At the Greenwich Sentinel, we pride ourselves on the diverse array of narratives, perspectives, and engaging columns that we bring to our readers. Of these myriad offerings, one column resonates strongly with our audience week after week. This column is “Wildly Successful,” crafted by the Beardsley Zoo’s Jim Knox, a man deeply invested in the enthralling wonders of nature and its diverse creatures.
Knox’s credentials, as the Curator of Education for Connecticut’s Beardsley Zoo and as a Science Advisor for The Bruce Museum, lend depth to his insightful narratives. However, it is his palpable enthusiasm that imbues each word he writes, enabling readers to connect with the natural world in a new way.
Every Friday, Knox escorts us on a journey into the natural world, showcasing the complex behaviors and survival tactics of various creatures. Whether it’s the bold apex predator the Golden Eagle or the remarkable near invulnerability of the Tardigrade, each column enlightens us about these ‘wildly successful’ species and their hidden wisdom, offering lessons we apply in our own lives.
His writings underscore the profound connection we share with the environment. A renowned conservationist once observed, “In wilderness is the preservation of the world.” Knox’s weekly columns, in a sense, echo this sentiment, enabling us to roam the wilderness, appreciate its beauty, and comprehend its crucial significance.
Knox’s commitment to wildlife extends beyond hisFriday column. It’s apparent in his vibrant interactions at the zoo, his dedicated research at the museum, and in his passionate discussions about the wild. This man carries a piece of the wilderness within him and generously shares its splendor with us through his words.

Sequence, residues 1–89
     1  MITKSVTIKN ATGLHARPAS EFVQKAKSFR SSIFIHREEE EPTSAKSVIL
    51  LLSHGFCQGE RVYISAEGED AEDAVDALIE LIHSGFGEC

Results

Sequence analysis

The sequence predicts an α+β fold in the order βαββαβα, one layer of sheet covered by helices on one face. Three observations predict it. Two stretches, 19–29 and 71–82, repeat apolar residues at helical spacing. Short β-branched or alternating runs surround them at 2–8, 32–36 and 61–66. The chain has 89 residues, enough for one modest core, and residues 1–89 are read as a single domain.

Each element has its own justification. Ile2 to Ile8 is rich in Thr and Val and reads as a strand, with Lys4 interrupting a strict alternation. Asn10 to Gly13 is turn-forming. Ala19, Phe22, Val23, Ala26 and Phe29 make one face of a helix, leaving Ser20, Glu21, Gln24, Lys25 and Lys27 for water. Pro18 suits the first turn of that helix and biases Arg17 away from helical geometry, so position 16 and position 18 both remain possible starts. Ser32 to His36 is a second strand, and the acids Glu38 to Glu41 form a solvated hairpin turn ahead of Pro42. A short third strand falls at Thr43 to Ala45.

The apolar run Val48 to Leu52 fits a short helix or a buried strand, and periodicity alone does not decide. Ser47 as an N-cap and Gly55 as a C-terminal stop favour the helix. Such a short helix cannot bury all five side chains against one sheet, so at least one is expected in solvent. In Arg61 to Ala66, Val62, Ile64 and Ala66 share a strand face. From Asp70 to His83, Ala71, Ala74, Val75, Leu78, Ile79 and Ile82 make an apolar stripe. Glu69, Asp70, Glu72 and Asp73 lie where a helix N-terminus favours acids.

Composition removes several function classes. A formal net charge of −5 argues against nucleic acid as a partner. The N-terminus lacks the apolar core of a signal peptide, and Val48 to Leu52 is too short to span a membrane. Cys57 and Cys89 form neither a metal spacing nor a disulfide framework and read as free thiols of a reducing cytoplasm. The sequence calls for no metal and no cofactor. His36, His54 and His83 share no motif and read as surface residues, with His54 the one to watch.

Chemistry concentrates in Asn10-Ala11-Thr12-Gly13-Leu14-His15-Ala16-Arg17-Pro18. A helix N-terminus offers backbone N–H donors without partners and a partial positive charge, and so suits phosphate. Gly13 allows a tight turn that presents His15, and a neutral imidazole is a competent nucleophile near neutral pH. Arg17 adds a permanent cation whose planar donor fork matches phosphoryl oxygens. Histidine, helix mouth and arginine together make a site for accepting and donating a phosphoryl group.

An esteemed member of The Explorers Club, a society deeply rooted in the spirit of exploration and scientific discovery, Knox’s work exemplifies this ethos. The Club, which counts pioneers like Sir Edmund Hillary and Neil Armstrong among its members, emphasizes respect for the environment and the promotion of scientific knowledge about the natural world. Knox’s approach mirrors this reverence for nature. His explorations are not intrusive; rather, he walks the untamed paths of nature, learns from it, and imparts those lessons to us in his weekly column.
John Muir, another esteemed explorer and conservationist, once said, “In every walk with nature, one receives far more than he seeks.” This message reverberates in each of Knox’s columns, where we not only learn about various species, but also discover profound insights applicable to our own lives.
In the frenzied pace of modern life, Knox’s weekly column provides a haven, a pause where we can slowdown, marvel at the wonders of the natural world, and be reminded of our intrinsic connection to nature and our duty to safeguard it.
Here at the Sentinel, we are committed to bringing diverse, informative, and enriching narratives to our readers. Knox’s “Wildly Successful” column is one such treasure that we are incredibly proud to share.
We are fortunate to have a zoo to enjoy that is less than thirty minutes away and always doing something amazing. This week, please take a moment to read the front page of the second section of the Sentinel as well, which features a story about the Glow Wild exhibit at the zoo now.
As you unfold your copy of the Sentinel this Friday, we hope that you will find inspiration and a sense of awe in Jim’s “Wildly Successful” column.